The other bloodthirsty dogs barked menacingly around the buck and advanced on him slyly with their vengeful sharp teeth bared. He stood his ground, held them at bay and fought them hoof and horn.
The buck stunned one mutt with his hoof and jolted another with an up-jut of his rack, and then he was off, bounding diagonally up a slope, and gone.
The deer and the fawn sniffed the wind and knew men were nearby. They quickly bounced away.
The hunters came running, panting, muttering to each other. Finding the bloody dogs they angrily cursed.
As the two deer raced farther toward their winter browsing ground they came upon some cerise berries glowing against the snow, and the mother deer stopped. Looking around and listening often, they chewed the berries and munched on the square twigs of the wahoo and swallowed this partly-chewed food into their paunches, their "first stomachs," where it would soak and soften. Later, at ease, out of danger, they would bring it back up to chew some more.
And as it began to snow, the white buck re-joined the two. The tip of his highest tine was broken where it had been hit by a bullet or an arrow. Dog blood was on another tine tip. Aside from this and a natural weariness in his dark eyes the white stag seemed fit as he could be, and it was all they could do to keep up with him.
Before they reached the deeryard they stopped to chomp on some brambles and red partridge berries. As the fawn chewed the red seeds a raven cried "Kahhkk!" overhead and the fawn jumped in surprise. The white stag thought that was funny.
But soon he sniffed, and then he twitched his ears and snorted and stamped. The deer went on up toward the direction of the deer yard, where, in the snowy winter, deer congregate after a summer of more or less solitary meandering and undisturbed feasting.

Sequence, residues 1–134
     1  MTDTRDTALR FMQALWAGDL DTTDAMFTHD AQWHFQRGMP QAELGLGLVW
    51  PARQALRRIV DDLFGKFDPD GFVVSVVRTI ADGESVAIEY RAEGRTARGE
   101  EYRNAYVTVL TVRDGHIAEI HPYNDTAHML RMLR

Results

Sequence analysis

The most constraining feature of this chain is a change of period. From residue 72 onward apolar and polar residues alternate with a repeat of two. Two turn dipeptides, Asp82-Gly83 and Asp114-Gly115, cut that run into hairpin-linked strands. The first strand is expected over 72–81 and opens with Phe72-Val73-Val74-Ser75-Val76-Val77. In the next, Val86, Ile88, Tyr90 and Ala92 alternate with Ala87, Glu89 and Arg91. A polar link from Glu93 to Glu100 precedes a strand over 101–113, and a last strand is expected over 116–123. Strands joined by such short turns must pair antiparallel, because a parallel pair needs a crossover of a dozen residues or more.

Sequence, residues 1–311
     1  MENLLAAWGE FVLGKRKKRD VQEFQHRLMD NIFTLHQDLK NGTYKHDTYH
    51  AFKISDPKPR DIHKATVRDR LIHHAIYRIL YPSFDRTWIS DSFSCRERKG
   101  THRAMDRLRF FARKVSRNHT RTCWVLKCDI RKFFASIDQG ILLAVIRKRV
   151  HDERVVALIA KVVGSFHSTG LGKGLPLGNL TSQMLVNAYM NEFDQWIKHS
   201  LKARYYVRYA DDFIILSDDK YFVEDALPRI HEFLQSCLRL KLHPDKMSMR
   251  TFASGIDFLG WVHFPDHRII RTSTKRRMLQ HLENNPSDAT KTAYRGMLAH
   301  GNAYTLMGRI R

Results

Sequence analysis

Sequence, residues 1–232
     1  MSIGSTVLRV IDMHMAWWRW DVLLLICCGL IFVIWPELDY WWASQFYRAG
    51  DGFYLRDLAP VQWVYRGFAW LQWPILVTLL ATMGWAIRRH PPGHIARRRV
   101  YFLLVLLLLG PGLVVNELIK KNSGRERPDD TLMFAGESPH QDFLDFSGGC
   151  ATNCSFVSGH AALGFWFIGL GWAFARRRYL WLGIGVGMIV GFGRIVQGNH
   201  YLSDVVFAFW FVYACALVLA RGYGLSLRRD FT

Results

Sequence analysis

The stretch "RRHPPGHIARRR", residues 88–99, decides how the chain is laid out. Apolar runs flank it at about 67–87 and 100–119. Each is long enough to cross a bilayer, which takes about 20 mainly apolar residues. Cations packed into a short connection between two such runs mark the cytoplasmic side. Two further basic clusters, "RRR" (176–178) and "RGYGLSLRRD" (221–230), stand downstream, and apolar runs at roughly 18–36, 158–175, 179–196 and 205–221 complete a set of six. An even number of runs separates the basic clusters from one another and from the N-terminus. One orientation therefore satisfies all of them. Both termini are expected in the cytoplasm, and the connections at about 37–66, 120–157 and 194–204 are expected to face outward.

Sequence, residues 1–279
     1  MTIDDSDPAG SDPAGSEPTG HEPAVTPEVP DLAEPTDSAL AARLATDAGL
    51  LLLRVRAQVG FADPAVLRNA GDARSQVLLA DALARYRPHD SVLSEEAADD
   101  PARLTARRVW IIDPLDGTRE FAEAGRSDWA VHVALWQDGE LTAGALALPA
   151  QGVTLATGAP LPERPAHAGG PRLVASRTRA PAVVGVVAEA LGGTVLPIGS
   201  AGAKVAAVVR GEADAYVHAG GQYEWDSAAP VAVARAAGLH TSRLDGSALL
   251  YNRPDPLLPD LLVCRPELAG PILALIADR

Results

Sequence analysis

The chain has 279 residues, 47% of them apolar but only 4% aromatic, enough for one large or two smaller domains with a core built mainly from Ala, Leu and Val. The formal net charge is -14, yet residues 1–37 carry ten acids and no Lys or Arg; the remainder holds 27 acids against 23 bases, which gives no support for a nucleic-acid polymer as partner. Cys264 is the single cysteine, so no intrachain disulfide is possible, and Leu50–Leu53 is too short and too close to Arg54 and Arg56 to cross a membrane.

The buck did not move, but waited, sniffing more, listening with the "ears" in his front hooves. When they had reached the last pitch of the rise of hill, the fawn looked back to see another stag. This one was younger, with six-point antlers, and leaner than the white buck.
The young buck's eyes were crazed. He pawed the snow, head down, and then took off, to circle back and charge, ramming the older buck. Their thick necks were angled distinctively, braced for clashing.
The ground seemed to shake with the force of their head-on collisions. They stepped back and rushed hard, trying to gore and blind each other.
[Deer Collage, William J. Jackson.]
The older buck smashed into his opponent now with such fierce force that a tine broke off and the other one's scalp bled. Dizzily the attacker retreated, went dashing through a rattling thicket and swamp sending dry cattail fur flying in little puffs which dissolved into smaller puffs which floated and fell. During rutting season after mating with that young buck, a doe might squat down and let the unwanted seed drip out; no doe ever let the White Buck’s seed be lost.
The three moved on toward the browsing grounds of winter, and reached there before night fell. The mother deer and the big white stag went off together. The heavy gray sky began to snow and the flakes fell more and more thickly.
[End of Part One.]